SpaceX Crew Dragon success heralds a new era for NASA spaceflight
The Demo-1 mission paves the way for crews to launch from US soil for the first time since 2011.
SpaceX’s Crew Dragon, the first commercial spacecraft built for humans to travel in to the International Space Station, splashed down in the Atlantic Ocean on Friday morning, ending a historic mission and beginning the next phase of human spaceflight.
A huge round of applause and cheers erupted at SpaceX mission control in California as the capsule hit the water. With that — the first water landing in the Atlantic since Apollo 9 in 1969 — SpaceX moved one step closer to sending humans into orbit.
Significant delays hampered the launch of the Crew Dragon , but on March 2 it finally achieved liftoff from storied Launch Pad 39A at Kennedy Space Center. It then trailed the ISS for 24 hours before achieving a landmark docking via the station’s Harmony module, and special docking adapter, on March 3.
The Crew Dragon re-entering the atmosphere on March 8.
While docked at the ISS, humans entered the vehicle for the first time in space . It remained docked with the station until Thursday, at which point the hatch was closed and locked and the capsule was readied for its return. At 11:32 p.m. PT, it released a set of hooks from the ISS and slowly drifted away from the space laboratory with two short thruster firings. A dummy, lovingly known as Ripley and dressed in SpaceX’s astronaut gear and a suite of sensors, was its lone crew member.
The Crew Dragon drifts away from the ISS.
“Fifty years after humans landed on the moon for the first time, America has driven a golden spike on the trail to new space exploration feats through the work of our commercial partner SpaceX and all the talented and dedicated flight controllers at NASA and our international partners,” said Anne McClain, NASA flight engineer currently stationed at the ISS, as the capsule drifted away.
Five hours later, when it was safely away from the ISS, Crew Dragon jettisoned its lower trunk section to burn up in space. At 4:52 a.m. PT, the capsule’s thrusters fired once more, starting a 15-minute “deorbit burn,” slowing the craft enough to fall back to Earth.
Its biggest challenge was yet to come: atmospheric re-entry.
The forces exerted on the capsule as it blazed a trail through the atmosphere at hypersonic speeds had SpaceX CEO Elon Musk concerned during the week. Although his team had run hundreds of simulations, the unusual shape of the spacecraft meant it might roll or spin as it dropped from space to sea.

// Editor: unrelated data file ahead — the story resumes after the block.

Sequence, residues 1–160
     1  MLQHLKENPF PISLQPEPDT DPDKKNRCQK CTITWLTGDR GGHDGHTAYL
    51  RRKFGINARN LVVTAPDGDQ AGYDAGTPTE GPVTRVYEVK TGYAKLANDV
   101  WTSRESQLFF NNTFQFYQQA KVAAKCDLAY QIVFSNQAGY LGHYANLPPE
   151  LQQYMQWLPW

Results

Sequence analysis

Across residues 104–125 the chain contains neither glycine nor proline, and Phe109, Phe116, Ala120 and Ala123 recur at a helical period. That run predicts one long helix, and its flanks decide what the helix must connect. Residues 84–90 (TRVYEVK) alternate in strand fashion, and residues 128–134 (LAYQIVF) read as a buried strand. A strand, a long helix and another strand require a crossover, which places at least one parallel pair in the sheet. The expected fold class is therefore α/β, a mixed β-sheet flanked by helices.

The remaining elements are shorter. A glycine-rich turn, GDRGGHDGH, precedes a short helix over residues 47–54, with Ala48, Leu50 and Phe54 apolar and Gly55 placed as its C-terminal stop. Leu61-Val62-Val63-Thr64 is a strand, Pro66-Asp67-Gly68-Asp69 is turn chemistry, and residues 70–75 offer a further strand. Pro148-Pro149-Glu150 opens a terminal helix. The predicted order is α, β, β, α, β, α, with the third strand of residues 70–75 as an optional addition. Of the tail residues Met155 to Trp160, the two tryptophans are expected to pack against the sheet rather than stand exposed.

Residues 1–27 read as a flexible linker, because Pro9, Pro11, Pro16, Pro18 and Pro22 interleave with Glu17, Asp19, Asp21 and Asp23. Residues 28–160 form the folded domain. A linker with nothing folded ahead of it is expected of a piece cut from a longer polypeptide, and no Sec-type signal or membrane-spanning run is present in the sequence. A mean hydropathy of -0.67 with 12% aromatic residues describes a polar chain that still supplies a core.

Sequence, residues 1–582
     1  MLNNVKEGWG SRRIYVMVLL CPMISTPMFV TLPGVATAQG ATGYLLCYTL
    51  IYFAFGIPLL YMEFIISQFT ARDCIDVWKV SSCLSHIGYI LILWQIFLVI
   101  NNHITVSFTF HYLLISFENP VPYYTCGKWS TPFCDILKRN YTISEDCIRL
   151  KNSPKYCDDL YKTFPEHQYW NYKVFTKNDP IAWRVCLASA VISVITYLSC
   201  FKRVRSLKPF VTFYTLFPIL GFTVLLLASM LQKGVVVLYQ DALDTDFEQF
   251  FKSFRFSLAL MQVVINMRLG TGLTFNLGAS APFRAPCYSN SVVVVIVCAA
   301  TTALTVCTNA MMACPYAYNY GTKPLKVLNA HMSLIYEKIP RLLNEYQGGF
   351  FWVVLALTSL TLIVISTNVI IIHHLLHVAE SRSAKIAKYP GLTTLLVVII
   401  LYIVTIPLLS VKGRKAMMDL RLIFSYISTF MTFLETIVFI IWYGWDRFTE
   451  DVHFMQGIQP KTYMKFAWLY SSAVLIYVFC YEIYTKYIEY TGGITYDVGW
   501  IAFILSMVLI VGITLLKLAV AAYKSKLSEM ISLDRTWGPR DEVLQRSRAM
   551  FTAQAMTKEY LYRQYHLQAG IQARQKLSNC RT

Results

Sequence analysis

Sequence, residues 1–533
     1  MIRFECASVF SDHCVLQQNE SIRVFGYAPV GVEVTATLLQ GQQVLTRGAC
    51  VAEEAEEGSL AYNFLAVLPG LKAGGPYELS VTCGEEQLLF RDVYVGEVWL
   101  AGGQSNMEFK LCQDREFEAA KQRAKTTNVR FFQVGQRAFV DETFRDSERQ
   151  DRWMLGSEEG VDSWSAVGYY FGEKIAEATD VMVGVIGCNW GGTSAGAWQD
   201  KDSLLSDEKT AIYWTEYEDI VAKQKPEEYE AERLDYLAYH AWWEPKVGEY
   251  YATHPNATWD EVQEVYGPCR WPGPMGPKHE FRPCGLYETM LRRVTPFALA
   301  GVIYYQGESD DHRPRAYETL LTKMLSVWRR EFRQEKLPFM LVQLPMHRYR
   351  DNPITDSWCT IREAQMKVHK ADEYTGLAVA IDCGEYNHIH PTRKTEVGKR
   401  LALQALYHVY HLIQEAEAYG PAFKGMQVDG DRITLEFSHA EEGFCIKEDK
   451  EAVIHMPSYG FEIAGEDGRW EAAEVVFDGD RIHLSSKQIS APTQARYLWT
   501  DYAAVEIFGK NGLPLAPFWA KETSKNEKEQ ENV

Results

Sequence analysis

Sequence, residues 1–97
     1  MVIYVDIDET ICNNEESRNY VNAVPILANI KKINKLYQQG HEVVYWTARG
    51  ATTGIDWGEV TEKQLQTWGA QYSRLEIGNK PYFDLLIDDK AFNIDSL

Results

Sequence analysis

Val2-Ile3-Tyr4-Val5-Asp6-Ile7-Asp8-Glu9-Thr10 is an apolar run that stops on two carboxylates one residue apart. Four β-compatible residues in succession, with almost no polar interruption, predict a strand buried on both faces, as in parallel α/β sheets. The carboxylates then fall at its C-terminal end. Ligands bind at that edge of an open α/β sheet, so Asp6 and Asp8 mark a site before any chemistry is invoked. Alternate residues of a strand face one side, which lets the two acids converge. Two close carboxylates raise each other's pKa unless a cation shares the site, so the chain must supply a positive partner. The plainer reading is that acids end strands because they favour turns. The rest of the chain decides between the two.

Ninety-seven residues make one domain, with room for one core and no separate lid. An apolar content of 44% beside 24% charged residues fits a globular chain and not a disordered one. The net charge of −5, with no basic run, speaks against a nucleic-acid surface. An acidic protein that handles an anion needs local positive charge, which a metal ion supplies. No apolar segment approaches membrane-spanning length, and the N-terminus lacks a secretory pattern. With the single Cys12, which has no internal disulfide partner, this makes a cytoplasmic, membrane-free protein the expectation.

Yet, when the moment arrived, the spacecraft showed no signs of a rickety descent, eventually deploying its quad-parachute system and safely splashing down in the Atlantic some 280 miles ( about 450 kilometers) from its original launching spot at Cape Canaveral, Florida.
The capsule’s splashdown was attended by SpaceX’s recovery vessel “Go Searcher,” a ship equipped to pluck it from the roiling ocean waves and carry it back to shore.
Dragon’s drogue parachutes
With the landing, Crew Dragon’s six-day-long mission is complete, but there’s still work to be done. SpaceX was able to demonstrate the capsule’s launch, docking, undocking and re-entry capabilities and the validity of its parachute system, and now it has reams of data to analyze, including from Ripley’s suite of body sensors, to ensure the capsule is ready to ferry humans from Earth to the space station in just a few months’ time.
As part of the validation process, SpaceX and NASA will conduct an in-flight abort test, launching the Crew Dragon on top of a modified Falcon 9 rocket and then terminating the rocket engine as it reaches the point of max q — when pressure on the spacecraft is at its greatest. When it reaches this point, the Crew Dragon would use its own set of rocket boosters to launch away from the Falcon 9 and return to Earth.
That test is scheduled for June. Provided it goes well, the first crewed mission of SpaceX’s capsule will occur in July, featuring astronauts Bob Behnken and Doug Hurley. Success will also mean that “Earthy,” a plush anthropomorphic doll of our planet, will be coming home from the space station.
— NASA Commercial Crew (@Commercial_Crew) March 8, 2019
While the limelight has been squarely on SpaceX, Elon Musk’s space venture is only one half of NASA’s overall Commercial Crew ambitions. Historic aerospace company Boeing is also readying to fly to the ISS with its own capsule, the Starliner, in the coming months. Launching atop an Atlas V rocket, the Starliner will undergo similar testing in preparation for its own manned missions to space in the coming year.
For now, SpaceX wins the day — and continues to forge a path between the US and the International Space Station.